Cliona Harmey’s Seneca gives one the impression of looking up: as though you have had to crane your neck to view it although it is presented on a monitor at (my) eye level. Birds flit in and out of a birdhouse; it is evening time; a sense of eventide calm prevails. We are over the rainbow; we are in the eye of the storm. We are meditating on the sound of birds and water. In this exhibition we have already had the sound of boys singing interspersed with the roar of an avalanche. Those sounds go on in the background, but in the world of Seneca all is quiet once more. In order to view Grace Weir’s Forgetting (the vanishing point) you actually do have to look up as it is projected at a giraffe’s eye-level. Clouds float by and vanish; we meditate once more. The combination of the title of the piece and the slow, though persistent, movement of the clouds reminds me that it is so hard to forget: it takes time. These clouds suggest the motion of time and the comfort of knowing that painful experiences might eventually be forgotten.
Wind is once more the active agent in Solar breath (northern Caryatids) , a video work by Michael Snow. A slow and not quite regular rhythm is beaten out by a billowing kitchen curtain. Domestic sounds can be faintly heard. As the original Caryatids were pillars in the shape of draped female figures, there is a sense of play in the elements and forms involved. Snow’s Caryatids are formed from air and drape. They are pillars of air that seem to have no less substance in their slapping noises than those formed form marble.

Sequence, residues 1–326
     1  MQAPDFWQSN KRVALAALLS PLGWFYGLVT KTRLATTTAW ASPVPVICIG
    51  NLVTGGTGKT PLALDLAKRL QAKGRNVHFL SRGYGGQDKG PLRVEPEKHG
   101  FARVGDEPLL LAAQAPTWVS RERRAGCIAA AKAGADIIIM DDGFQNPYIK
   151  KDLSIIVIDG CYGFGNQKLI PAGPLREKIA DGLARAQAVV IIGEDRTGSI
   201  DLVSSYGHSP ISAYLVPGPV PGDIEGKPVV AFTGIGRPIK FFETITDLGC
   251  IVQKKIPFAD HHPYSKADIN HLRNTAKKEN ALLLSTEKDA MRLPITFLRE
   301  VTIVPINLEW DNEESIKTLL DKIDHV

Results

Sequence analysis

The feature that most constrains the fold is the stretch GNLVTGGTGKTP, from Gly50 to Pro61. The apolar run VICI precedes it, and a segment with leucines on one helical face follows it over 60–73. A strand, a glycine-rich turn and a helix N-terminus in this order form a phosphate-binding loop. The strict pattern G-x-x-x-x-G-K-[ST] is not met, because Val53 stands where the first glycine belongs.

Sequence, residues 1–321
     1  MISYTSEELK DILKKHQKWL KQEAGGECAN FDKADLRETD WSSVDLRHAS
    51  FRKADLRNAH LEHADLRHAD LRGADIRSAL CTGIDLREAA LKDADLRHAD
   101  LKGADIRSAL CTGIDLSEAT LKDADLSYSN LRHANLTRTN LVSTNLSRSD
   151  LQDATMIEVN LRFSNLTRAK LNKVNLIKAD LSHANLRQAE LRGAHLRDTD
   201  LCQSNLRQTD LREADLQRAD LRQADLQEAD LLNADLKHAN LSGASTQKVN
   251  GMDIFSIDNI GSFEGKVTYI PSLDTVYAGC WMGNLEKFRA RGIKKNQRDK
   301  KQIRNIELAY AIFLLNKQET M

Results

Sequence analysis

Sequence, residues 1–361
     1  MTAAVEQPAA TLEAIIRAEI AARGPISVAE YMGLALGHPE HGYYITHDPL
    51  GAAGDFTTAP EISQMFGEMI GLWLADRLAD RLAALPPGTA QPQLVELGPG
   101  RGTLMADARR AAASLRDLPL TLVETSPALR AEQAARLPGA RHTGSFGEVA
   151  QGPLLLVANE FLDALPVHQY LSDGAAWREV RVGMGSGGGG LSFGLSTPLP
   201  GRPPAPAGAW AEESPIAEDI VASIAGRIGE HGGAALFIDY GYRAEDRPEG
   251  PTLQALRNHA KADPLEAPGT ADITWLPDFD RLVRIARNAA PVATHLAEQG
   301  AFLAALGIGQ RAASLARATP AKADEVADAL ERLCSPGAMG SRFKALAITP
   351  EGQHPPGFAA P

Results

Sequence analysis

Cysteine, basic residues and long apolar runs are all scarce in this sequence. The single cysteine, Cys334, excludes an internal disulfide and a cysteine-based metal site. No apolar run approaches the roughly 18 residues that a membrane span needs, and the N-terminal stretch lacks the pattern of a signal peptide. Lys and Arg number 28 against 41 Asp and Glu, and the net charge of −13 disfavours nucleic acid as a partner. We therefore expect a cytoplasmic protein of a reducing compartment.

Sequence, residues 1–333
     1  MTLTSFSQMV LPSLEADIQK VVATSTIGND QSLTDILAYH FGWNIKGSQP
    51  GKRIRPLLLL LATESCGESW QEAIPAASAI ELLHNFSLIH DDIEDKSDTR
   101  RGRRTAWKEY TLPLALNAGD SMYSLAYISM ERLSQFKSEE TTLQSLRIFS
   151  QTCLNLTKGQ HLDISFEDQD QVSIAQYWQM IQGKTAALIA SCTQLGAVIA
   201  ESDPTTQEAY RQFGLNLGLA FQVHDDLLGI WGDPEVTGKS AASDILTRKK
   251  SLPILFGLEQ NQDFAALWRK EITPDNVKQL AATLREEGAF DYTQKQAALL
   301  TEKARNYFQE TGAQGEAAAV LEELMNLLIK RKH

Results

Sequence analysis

It’s definitely blowing a gale in Ian burns’ Colony cam . The wind from a standard electric fan extends a toothpick flag on a desolate landscape. A small webcam has witnessed this happening and transmitted it to a small screen. There is no perceptible delay between the view and its real-time reflection. It reminds me of Google Earth and other technologies that have ensured that even our terrestrial ‘lunar landscapes’ are available to us. Like the last of the blue skies: the last of the empty spaces – a theme that carries on to Hendrikje Kühne and Beat Klein’s Schwärmerei. Seven hundred airplanes swarm in the skies with enthusiasm made manifest. Reminding me that it’s kind of difficult to resist the cheap airline tickets nowadays, although they are accelerating the damage that we do to the environment. Our enthusiasm for travel can be offset, I suppose, following our celebrities’ example.